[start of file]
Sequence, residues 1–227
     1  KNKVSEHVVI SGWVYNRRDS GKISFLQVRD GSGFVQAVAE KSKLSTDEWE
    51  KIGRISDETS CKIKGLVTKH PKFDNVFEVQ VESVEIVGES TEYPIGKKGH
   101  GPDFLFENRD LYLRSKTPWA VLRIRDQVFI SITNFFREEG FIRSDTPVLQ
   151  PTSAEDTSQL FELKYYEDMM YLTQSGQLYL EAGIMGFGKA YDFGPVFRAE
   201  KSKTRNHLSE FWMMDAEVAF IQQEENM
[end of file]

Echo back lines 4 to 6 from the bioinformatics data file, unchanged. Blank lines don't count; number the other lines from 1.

   101  GPDFLFENRD LYLRSKTPWA VLRIRDQVFI SITNFFREEG FIRSDTPVLQ
   151  PTSAEDTSQL FELKYYEDMM YLTQSGQLYL EAGIMGFGKA YDFGPVFRAE
   201  KSKTRNHLSE FWMMDAEVAF IQQEENM